Why go GovCloud?
Whether it’s Personally Identifiable Information (PII), patient medical records, financial data, law enforcement data, or other forms of CUI, AWS GovCloud allows users to meet compliance requirements on their cloud journey. Government agencies have an opportunity with Amazon to support mission critical workloads for enterprise applications, high performance computing, big data, storage & disaster recovery. For a U.S. cloud with vetted access, that meets compliance, guards data, improves identity management, protects workloads, and enhances cloud visibility, AWS GovCloud is the way to go.
Amidst the truckload of announcements from AWS around re:Invent this year, one that caught my attention was the ability to perform EC2 instance hibernation. This isn’t going to be directly applicable to all workloads or all businesses, but it provides a needed way to bridge the gap between On-Demand EC2 and Spot instances. By having this option, it should be easier to go between both compute choices to solve more business cases.
Spot Instances 101
One way AWS helps you save money is by letting you utilize spare compute resources as instances called Spot. There’s a whole economy around Spot Instances, as the price can go up or down based on free resources in AWS data centers. To purchase Spot Instances, you establish your bid price, and if the price of your desired instance goes under the bid, then you get the resources. The biggest catch is that once the price goes above your bid price, your gets stopped in the middle of what it was doing.
This behavior means that you need to have workloads that can be paused. One big consideration is that you don’t want to have time-sensitive workloads operating in this environment, as it may take longer to complete the overall task if the processes keep getting interrupted. This also means that you’ll want to build your subtasks and processes in a way that they can be interrupted without breaking horribly.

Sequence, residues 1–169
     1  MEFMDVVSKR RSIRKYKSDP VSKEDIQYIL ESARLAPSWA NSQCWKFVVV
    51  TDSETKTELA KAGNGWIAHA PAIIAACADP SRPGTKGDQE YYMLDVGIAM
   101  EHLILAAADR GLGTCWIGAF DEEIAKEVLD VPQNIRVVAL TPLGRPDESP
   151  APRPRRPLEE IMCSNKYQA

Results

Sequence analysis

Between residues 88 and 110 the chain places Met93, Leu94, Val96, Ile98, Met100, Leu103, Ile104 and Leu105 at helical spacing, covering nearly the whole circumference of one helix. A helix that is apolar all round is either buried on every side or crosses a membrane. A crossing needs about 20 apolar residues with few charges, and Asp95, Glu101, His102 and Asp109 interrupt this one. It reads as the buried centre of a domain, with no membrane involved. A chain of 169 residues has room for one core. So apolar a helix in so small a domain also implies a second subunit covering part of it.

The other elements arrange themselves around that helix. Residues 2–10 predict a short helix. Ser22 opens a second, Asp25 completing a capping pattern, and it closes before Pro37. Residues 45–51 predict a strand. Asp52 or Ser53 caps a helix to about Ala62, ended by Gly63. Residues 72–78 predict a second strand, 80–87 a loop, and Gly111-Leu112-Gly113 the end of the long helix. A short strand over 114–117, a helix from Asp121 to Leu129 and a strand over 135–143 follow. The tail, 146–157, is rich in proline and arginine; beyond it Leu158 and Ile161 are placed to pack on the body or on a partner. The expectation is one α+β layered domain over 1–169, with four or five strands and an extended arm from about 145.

Interruptible Workloads On-Demand
Now, with the ability to perform EC2 instance hibernation, the processes that you’ve already made interruptible can run on demand, with you choosing when to pause those workloads. By having this flexibility, you can eliminate the concern of not finishing a task before a desired date that comes with Spot instances, but still have the ability to switch to Spot (or out of Spot) if desired. This combines some of the best aspects of Spot and On-Demand Instances.
In addition to the benefit of workloads completing on your timetable, you can also utilize hibernation to pre-warm EC2 instances that have apps that might take a while to spin up. This can be especially true for memory-intensive applications, as any data that was in memory prior to hibernation will be immediately available upon restart. You could even use this as a workaround to long warm-up times for AWS Lambda functions, as instead of waiting for the Lambda to spin up, your instance could be running your function locally with everything pre-loaded.